Sure that's harder to say than "accept Jesus as your Saviour” but it gives a fuller picture.
If "accepting Jesus as your Saviour" were such important language, why doesn't it occur even once in the Bible? If the concept of "Saviour" in a salvation presentation were so important, then why didn't the apostles use it in their preaching?
Believe me, I’m all for using the title "Saviour," but definitely not in exclusion of "Lord" in the presentation of Jesus, and not even as the main point, since it isn't the main point.
Will He save? Yes. But He won't save while your mind is still made up that you're going to do whatever you want to do or that your religion is of some value or your sin is of some value or yourself is of value or your property is of some value or your family is of some value. And He doesn't become Saviour till He actually saves, since that is what the word means and all.
As you keep looking at the title "Saviour" in the NT, you'll see it used almost exclusively on behalf of believers, because Jesus is being described as their Saviour. But why is He their Saviour? Is it because they've accepted Him as Saviour? It doesn't say that. The tone of those passages is that He's been so good to them, as their Saviour, that they owe Him a lot. Saviour isn't being used in a presentation of salvation there. Four of the 24 times "Saviour" is found, it’s found in the following way (all in 2 Peter): "Lord and Saviour," Lord always coming first. Eight of the 24 “Saviour” verses, "Lord" is also found in the same verse. If we count "Prince" in Ac 5:31, that goes for 9 of 24. Even when "Saviour" is used, it gets used with "Lord" over one-third of the time. Wouldn’t you agree that Romans is the great salvation book? 45 times in 39 verses we find "Lord." 0 times we find "Saviour." As Paul explains the great doctrine of salvation so much in that book, he doesn't mention "Saviour" at all. Does this mean anything? Of course it does. You won't find "accept Jesus as your Saviour" in the book of Romans. You can't.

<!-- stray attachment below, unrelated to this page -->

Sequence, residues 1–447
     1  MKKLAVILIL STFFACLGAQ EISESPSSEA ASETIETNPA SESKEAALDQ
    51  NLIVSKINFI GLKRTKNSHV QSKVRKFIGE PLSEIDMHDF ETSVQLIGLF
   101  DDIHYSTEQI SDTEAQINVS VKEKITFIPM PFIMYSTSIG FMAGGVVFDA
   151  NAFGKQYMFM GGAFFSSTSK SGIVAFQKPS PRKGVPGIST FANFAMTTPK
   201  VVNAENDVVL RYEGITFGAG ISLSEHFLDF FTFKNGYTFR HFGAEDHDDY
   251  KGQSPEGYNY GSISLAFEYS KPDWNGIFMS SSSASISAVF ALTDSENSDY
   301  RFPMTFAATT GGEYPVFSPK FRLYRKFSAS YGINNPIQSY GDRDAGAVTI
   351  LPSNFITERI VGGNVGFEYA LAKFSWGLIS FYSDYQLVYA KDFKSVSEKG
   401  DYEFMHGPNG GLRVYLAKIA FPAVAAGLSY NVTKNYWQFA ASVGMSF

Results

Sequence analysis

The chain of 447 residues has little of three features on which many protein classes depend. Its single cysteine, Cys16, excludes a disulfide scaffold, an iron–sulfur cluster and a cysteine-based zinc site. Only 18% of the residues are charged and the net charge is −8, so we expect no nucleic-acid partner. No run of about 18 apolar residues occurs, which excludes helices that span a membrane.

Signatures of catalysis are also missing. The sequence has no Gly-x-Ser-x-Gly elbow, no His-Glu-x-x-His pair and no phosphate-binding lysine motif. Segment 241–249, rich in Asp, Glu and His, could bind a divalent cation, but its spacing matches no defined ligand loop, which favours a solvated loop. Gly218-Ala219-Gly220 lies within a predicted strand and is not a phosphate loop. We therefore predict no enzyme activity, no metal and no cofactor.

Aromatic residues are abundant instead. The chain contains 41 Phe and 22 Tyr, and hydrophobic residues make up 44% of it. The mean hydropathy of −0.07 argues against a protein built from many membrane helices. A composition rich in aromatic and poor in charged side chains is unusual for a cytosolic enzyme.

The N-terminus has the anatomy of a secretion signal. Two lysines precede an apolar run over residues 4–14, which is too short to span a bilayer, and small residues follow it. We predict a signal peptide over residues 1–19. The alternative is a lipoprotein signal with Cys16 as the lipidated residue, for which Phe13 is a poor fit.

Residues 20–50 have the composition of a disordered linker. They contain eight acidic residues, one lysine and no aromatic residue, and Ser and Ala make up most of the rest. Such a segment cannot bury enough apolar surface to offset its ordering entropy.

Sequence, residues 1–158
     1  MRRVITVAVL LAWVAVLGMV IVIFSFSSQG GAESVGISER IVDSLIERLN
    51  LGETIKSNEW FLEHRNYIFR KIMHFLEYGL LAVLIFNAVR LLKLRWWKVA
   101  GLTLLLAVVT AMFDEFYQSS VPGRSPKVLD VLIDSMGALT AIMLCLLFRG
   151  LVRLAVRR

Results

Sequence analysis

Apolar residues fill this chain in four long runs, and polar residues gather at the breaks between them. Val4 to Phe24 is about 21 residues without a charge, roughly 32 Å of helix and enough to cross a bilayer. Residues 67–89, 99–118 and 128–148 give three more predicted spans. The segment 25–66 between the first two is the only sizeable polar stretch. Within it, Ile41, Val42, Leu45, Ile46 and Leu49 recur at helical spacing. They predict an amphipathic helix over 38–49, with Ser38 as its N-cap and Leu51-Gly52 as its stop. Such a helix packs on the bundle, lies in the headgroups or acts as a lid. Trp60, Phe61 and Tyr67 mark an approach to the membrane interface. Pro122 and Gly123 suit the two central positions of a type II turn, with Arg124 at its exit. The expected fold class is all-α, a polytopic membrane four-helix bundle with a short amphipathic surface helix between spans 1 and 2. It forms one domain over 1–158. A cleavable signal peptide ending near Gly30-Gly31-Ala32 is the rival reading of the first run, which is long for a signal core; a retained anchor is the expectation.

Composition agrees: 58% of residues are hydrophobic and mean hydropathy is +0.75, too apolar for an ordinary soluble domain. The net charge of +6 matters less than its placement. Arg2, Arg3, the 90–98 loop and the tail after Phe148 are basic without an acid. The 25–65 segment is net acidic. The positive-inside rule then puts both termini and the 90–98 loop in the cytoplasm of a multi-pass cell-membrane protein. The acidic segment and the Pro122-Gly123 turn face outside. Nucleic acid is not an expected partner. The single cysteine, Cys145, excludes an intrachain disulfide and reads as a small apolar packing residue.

So in light of all this, why does this phrase appear as the clinching point or the finish line in so many plans of salvation for churches — in their tracts and on their websites and in their preaching?